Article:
Sunday, May 29, 2011

Killer Crow

Preface: These shots are crappy and not up to BirdWordGirl standard; but they illustrate something not often seen, so it is worth sharing them, despite the damage they might wreak upon my PhotoEgo.

Yesterday morning at low tide along the Duwamish River. Lots of juvenile starlings around; this one got very unlucky. For two agonizing minutes, the crow plucked and pecked at the starling, who squealed and cried on its back, pedaling its legs in protest. Meanwhile all nearby starlings and robins went beserk with alarm calls.

The crow spent nearly as much energy defending its killing process from its voracious corvid colleagues as it did pecking at the starling.

Frankly, it was a relief when the body was finally lifeless and feathers began flying as the crow tucked in. After a few seconds, the crow flew off with the body, assailed by its colleagues.

(Yes, I did briefly consider stopping the killing but the hard facts intervened: starlings are a non-native species which are numerous and at times quite harmful to native species.  If it had been a Flicker, my favorite bird, I would have gone ballistic on that crow's ass.)

Wednesday, May 25, 2011

Sunbathing is for the birds

We had feeble, fleeting moments of sun on Sunday and this Flicker took advantage of the warmth to stretch, yawn and take a sun bath. She extended her wings, lowered her body to the sun-warmed branch, closed her eyes and lolled her head to the side. Kind of like us.

Tuesday, May 17, 2011

Owl prowl: success!

Thanks to the expert ear and owl calls of Luis, my birding guide in San Pancho, we found this adorable bundle with delicately arched eyebrows, AKA a  Ferruginous Pygmy Owl.

Ferruginous: from Latin: ferrgin-, iron rust, iron-rust color.

Pygmy: it's damn small--with a body about the size of a man's balled fist.

Seeing this owl and capturing its face was particularly satisfying as I'd briefly seen its relative, the Northern Pygmy Owl, in Arizona last fall. It was similarly perched above me, about 20' up, in an anonymous, indistinct little brown ball which flew away before I could photograph it well. So being able to look into the face of a Ferruginous Pygmy Owl makes me feel the circle is somewhat closed now.

Green-winged bombers

Who wouldn't want to be dive-bombed by orange-fronted parrots in the Mexican jungle?

Sunday, May 8, 2011

Extreme Cuteness in the Hood

Golf balls with wings--that's what I call bushtits. They are round-bodied, petite birds with an unfortunate name (almost an erotic oxymoron, no?) and the most endearing manner. Flitting around neighborhoods en masse, gleaning tiny insects from trees and shrubs, they are remarkably unfazed by humans and are often happy to go about their business within a few feet of people.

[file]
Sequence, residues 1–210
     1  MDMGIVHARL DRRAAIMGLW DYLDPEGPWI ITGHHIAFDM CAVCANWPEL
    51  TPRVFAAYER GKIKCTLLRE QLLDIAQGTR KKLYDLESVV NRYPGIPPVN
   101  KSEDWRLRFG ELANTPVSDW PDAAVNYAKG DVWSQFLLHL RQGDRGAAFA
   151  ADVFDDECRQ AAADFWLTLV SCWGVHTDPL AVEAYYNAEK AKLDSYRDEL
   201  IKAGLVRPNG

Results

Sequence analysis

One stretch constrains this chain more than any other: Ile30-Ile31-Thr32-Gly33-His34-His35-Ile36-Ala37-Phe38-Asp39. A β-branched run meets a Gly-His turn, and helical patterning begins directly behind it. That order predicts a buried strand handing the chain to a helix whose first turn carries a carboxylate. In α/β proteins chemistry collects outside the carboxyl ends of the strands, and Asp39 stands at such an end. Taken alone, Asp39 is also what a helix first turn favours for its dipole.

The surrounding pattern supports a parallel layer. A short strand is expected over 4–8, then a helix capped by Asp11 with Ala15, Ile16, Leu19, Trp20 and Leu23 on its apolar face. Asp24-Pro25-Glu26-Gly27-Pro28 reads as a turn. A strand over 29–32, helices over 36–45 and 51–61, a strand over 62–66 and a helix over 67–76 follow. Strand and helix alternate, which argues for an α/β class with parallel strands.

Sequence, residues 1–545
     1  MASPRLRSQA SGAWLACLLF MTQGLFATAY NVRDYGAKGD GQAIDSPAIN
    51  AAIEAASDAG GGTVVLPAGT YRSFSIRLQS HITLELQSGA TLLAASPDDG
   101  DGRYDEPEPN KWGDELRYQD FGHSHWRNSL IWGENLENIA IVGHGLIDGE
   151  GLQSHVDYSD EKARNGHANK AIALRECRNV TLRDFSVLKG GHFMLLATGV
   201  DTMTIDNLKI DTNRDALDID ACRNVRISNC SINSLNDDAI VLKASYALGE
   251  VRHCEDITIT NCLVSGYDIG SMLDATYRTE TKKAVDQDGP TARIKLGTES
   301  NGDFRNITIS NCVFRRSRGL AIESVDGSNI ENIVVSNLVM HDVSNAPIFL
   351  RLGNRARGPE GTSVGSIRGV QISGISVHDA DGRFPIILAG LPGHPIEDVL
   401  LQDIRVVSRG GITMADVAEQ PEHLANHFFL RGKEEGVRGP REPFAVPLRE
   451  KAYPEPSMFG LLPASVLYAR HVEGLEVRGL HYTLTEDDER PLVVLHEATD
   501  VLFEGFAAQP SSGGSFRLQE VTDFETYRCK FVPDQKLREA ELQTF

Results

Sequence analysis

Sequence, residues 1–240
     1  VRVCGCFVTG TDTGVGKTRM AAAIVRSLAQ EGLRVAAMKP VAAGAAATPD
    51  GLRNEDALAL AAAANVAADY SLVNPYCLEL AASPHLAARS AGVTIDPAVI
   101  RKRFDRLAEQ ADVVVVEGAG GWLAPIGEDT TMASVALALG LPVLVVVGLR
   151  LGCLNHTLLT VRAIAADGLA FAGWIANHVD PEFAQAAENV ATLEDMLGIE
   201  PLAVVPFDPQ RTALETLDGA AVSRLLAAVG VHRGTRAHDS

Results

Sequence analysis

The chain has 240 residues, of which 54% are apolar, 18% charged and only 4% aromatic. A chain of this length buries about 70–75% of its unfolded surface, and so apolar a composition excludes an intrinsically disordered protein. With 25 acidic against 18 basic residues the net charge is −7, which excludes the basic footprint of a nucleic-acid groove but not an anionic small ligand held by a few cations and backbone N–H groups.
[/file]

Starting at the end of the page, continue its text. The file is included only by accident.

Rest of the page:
This one, shot yesterday during a spontaneous evening walk, landed in my friend Paul's front yard on East 20th Street and wins bonus Cuteness Points for being fluffy and disheveled from a recent bath or collision with some very wet shrubbery.

An very occasional visitor to the hood is a yellow-rumped warbler. Probably a spring migrant, passing through, which  are more often seen in the Arboretum and the Fill. The spring weather has been so winter-ish, that it's hard to believe that brightly colored warblers and tanagers are passing through the city, spangling our tress and flowers with tropical oranges, reds and yellows.

That said, this house finch (right) is very much a residential bird in the hood through the year. His breast en-reddens (new word!) for the ladies in spring.  Male house finches can exhibit an interesting range of color variation--from red to yellow to gold--which is determined primarily by diet.  More and more research shows that in general, female birds are attracted to vividness of color more than size in male birds. Hmmmm.

Saturday, May 7, 2011

Flickers Flicking

In Spanish, woodpeckers are known as carpinteros--carpenters. Of course, we talk of woodpeckers "hammering" or "drilling" on a tree, but they are also hearty makers of sawdust, as illustrated here. After being upside down (below) in its cavity for a few minutes excavating a deeper and deeper cavity for its nest, this flicker turns right side up with a beakful of debris which it then flings to its left. Without fail, both male and female at this Lake Union nest perfom their nestbuilding exactly this way, hour after hour--always throwing dust to the left.

Friday, May 6, 2011

Woodpecker Wonderland

Biking along the Burke-Gilman Trail on Sunday was like zooming through a tunnel of Northern Flicker Love Songs. There was an unending necklace of wicka-wicka-wicka mating calls reverberating in the trees.

As I slowed down my bike to get my camera out, I was literally eye to eye with a Pileated Woodpecker (at left) in a tree.  These stout birds are remarkably skittish for the size, but this one was insanely indifferent to me and my camera. At one point, I was probably five feet away from her as she pounded a tree for insects. Her thread-like tongue is visible in this shot, emerging from the tip of her beak like a serpent's hiss.

Of course, I'm no ornithologist, but my guess is that during the mating and nesting season birds are so zealously finding nesting material and food to fuel their parenthood that they become somewhat oblivious to what would normally be a threat (a sweaty, dorky bike helmet-wearing human with a long camera lens).

This male Northern Flicker (at right) was excitedly excavating a nesting hole alongside Lake Union.  Occasionally he would stop his pounding and make a mating call, which went unaswered.
A bit further away on the lake, I discovered a mated pair taking turns excavating their nest. About every 20 minutes one approached the nest, vocalizing to announce his or her incoming arrival to its mate who was working away in the hole. The vocalization helped me too--so that I could ready my lens to capture shots like this one below.